"It is very unlikely there will be a large increase in thyroid cancer or any other health problems, apart from anxiety and psychological difficulties. That does not mean the surveillance should stop. There were surprises after Chernobyl and there may be again after Fukushima."

Williams and other experts have attributed the large number of cases to the use of hypersensitive ultrasound, which can detect the tiniest lesions, and the large number of children being tested.

...Gerry Thomas, professor of molecular pathology at Imperial College, London University, blames growing anxiety among Fukushima residents on "pseudo-scientists who can shout louder than real scientists".

"The biggest effect will be psychological – just as it was post-Chernobyl," said Thomas, who insists the rising number of cases is due to comprehensive screening, not radiation. "I still stick with what I have always said: there will not be a single death due to the radiological consequences of this accident."

(Full article at the link)

Ah. The curse of "one in million" continues, but at least the article mentions "comprehensive screening".

Professor Geraldine Thomas sounds somewhat like Mr. George Monbiot, or lot like Professor Wade Allison of Oxford University, but her comment that "pseudo-scientists" causing anxiety among Fukushima residents has a point, I believe, after reading numerous articles from the Japanese newspapers on the 3rd anniversary of the nuclear accident.


Anonymous said...

Simple solution: use the super-sensitive screening methodology on a population in a prefecture far from Fukushima. But what do I know? I disagree with the experts so I am by definition a pseudo-scientist.

arevamirpal::laprimavera said...

Anon above, they have done that in three locations, though not as large samples as in Fukushima. The result was that there was no difference between the three locations and Fukushima.

Anonymous said...

The difference between pre-Fukushima and post Fukushima thyroid cancer rates can not be explained by screening effect. The pre-Fukushima rate was less than 1%. The post-Fukushima rate is in double digits. The 2001 Nagasaki study where they screened a group of school children was less than 1%. That study would pick up any screening effect.

VyseLegendaire said...

"The biggest effect will be psychological – just as it was post-Chernobyl,"

::Adds the Guardian to the blocklist::

Anonymous said...

Please help me understand the screening effect. I remember a similar argument in the 1970s when the so-called "cancer epidemic" started..

It would seem that 100% of all tumors identified with modern equipment would eventually turn up on ancient equipment, so that the net difference between equipment technologies is ultimately zero.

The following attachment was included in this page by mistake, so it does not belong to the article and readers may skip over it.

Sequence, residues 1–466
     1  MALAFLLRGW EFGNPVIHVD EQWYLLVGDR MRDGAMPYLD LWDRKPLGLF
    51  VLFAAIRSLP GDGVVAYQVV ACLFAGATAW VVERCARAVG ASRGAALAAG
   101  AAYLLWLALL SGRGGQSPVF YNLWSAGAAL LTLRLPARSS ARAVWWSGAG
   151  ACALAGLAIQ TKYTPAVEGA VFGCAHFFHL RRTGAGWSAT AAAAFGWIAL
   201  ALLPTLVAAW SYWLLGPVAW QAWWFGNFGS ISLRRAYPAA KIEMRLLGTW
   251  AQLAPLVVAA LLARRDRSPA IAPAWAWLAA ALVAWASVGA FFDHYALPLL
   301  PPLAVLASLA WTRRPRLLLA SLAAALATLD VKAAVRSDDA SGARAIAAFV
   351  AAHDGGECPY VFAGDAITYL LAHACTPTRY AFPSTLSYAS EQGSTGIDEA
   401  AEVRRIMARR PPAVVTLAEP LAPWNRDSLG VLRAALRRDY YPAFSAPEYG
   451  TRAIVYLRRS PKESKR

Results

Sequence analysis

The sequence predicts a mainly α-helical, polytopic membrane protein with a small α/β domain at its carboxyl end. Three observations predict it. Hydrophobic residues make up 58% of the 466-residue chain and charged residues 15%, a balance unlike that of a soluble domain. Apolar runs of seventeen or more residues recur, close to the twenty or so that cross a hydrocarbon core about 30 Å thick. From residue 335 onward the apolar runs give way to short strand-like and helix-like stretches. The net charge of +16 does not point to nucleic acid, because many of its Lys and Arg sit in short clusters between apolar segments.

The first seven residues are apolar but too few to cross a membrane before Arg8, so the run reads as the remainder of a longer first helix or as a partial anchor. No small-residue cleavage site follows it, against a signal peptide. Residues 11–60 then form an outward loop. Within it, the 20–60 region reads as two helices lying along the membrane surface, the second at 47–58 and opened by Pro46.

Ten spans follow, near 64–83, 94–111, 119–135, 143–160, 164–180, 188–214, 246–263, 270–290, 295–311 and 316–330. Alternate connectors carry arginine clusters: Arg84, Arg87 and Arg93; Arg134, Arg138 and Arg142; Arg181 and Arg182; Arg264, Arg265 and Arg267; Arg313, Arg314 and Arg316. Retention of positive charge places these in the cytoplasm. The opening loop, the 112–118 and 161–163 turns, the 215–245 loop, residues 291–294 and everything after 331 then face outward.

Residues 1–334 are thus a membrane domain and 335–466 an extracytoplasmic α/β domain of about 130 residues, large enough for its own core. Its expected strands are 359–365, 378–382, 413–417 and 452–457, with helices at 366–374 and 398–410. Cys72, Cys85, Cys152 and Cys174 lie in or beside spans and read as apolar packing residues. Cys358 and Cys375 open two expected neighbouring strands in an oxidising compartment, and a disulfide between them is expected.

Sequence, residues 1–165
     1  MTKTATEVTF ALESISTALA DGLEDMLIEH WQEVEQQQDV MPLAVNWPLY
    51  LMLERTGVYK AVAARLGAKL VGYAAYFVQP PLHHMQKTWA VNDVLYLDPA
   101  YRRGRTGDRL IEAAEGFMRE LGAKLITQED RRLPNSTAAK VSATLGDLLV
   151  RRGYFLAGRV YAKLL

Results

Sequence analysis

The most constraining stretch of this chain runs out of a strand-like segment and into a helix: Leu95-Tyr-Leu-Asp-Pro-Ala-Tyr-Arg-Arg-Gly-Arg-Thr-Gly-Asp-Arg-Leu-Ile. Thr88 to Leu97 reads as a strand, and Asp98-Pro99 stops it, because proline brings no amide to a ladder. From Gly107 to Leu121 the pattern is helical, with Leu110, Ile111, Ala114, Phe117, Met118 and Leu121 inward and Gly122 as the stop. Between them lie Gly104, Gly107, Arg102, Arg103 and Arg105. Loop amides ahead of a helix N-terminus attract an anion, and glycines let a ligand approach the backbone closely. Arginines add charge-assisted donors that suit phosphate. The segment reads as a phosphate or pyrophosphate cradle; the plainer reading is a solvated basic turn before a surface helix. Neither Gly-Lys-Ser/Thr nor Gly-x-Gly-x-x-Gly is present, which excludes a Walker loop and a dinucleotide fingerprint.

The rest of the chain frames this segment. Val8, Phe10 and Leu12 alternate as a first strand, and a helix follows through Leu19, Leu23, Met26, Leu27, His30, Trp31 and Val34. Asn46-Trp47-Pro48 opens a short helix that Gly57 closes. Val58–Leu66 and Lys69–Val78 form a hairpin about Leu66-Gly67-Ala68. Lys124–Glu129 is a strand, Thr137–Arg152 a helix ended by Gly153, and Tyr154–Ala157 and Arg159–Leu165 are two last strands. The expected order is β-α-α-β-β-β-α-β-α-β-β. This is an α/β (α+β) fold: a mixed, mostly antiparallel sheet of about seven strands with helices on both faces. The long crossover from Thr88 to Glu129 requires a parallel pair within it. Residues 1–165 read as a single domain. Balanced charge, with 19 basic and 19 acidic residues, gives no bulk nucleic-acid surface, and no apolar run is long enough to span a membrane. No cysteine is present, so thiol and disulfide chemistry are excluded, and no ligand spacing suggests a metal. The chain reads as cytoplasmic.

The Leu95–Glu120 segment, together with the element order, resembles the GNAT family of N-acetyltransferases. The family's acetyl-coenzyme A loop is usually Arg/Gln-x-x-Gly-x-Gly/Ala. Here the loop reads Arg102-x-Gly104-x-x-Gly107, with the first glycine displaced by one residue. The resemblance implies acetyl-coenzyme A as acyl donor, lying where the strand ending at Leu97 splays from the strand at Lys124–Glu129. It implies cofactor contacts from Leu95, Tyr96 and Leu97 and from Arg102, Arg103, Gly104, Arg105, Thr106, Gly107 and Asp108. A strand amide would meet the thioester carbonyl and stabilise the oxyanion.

The only factor that can account for this "screening effect" is time. Would somebody please walk me thru this so I can see where the medicos are coming from? .

Otherwise, this sounds like more obfuscation.


Anonymous said...

Gotta see this for what it is...

A fawning rag of a second rate newspaper soliciting the ill informed views from some puffed up farts pontificating on stuff they have no hard data on.

They all got their 30 seconds of fame, but I'd like the two minutes back that it took me to read their bullshit.

Anonymous said...

Go to the southern hemisphere away from anything radioactive and perform the same ultrasound tests then compare, duh.

The initial plan to incinerate radioactive waste throughout Japan plus dump it in nearby bays to irradiate the population evenly seems to be working very well. Now the Japanese government can use a higher threshold of exposure before linking fallout to illnesses.

The two nukes the US dropped on Japan are like a breathe of fresh air compared to the dirty bomb releases ongoing at Daiichi.

Anonymous said...

More obfuscation. Lying about doses that populations received. Allowing 3 other control sites to be "selected" by those who wish to "prove" that unlike all other humans, Japanese just aren't harmed by doses of radiation. Those 3 control sites - how did they determine the doses those sites received? No proof now unless you consult any (limited) TEPCO monitoring of plume and depositon. They figured out "what you don't test, you don't report." Chernobyl showed "leopard" spot patterns of contamination far from the original site - so those wishing to tilt this study need only choose other exposed child populations.
It's not true that elevations in thyroid cancer took longer at Chernobyl, according to those who lived in the Ukraine at the time.
""Much less radioactivity was released from Fukushima than from Chernobyl," Uhmmmm...well the admissions of undercalculation keep coming (Oooops! it was greater than we thought!) so let's wait until they finally have admitted everything and more radiation stops spewing from the plant, M'kay?